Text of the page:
Unless your character is actually going to be told their cancer terminal and will die, please don’t use the word. I was never told I would die or given a time limit to live. “Terminal” wasn’t even a lost thought inside my head. It just never came up. Though this is only my experience, I don’t know any doctors who would give this negative information to someone. As they say – a positive mind is a healthy mind and can help you through treatment. Telling someone they will/might die is like telling them not to bother fighting anymore. For some people, it’s a chance to live their final days/months to the max and they really take on that challenge. But, for others, it’s Hell. It’s a mental pressure and it weighs them down until they can’t take any more.
Personally, I hate the “no hope” message that is so often given about cancer. It inspires people to think they’re going to die, with or without treatment. And, in real life, I know that my own relative refused treatment for their cancer, because they’d “heard” what chemo did to a body and thought they were terminal regardless. They actually told me that they didn’t know how I’d got through the treatment, but that I’d been young and, since they were old, they weren’t willing to try.
I often wonder what would have happened if the world stopped acting like cancer was an indiscriminate serial killer, who was never caught and never failed to claim a victim. So many times I want to smash my TV, because there are adverts on that practically rub salt in the wound – insurance policies, donation pleas, over 50’s plans, wills and so much more all exploit cancer as a way to get people to sign up. They broadcast people’s pain and the deaths of those who have fought cancer and died, to convince you that it’s so deadly that no one will ever escape. “One in four” is the saying. Well, we’re a family of four. Between my mum, my dad, myself and my sister – the four they advertise – two of us have had and beaten cancer. Both different types, different stages and different treatments.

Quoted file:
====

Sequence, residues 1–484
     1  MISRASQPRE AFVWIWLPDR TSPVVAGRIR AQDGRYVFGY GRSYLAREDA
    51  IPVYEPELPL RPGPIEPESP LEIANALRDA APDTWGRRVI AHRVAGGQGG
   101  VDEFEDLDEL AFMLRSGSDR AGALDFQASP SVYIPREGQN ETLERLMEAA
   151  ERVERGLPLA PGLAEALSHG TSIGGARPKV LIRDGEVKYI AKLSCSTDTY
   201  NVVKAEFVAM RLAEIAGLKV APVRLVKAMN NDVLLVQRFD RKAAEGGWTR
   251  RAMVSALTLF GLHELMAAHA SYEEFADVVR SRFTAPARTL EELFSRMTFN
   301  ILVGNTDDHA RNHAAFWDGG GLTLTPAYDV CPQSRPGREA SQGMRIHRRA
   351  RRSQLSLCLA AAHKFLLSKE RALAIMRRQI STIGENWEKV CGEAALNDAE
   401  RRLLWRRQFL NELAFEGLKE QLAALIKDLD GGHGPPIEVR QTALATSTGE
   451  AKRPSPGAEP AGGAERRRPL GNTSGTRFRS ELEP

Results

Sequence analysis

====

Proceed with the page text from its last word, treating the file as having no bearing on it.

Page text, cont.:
Cancer is a serial killer. But it will be caught. One day.
Until then, can we not spread fear and panic through our words? Can we not convince people that a diagnosis of cancer is a death sentence, just because they’ve heard the word “cancer”? Can we give hope and encouragement instead?
I know that not everyone survives. I know that cancer touches us all, in one way or another. But, having fought that battle, I’m determined to spend the rest of my life fighting a new one. The belief that cancer is slowly killing everyone who is diagnosed.
It didn’t kill me. And it might not kill the next person.
If we don’t have hope, then we’re letting cancer win.
So please, if you write about cancer in your novel, don’t let negativity take hold. Don’t tell your readers the same thing they’re being told in all other media – that cancer is a death sentence and no one can escape. Giving hope to your characters – letting them live! – is not going to change the truth about how awful cancer is. But it might just give hope to one person who really needs it. Who will read your words and think “I can fight this”, if this brutal killer ever knocks on their door.
Words are power. Let’s use that to our advantage.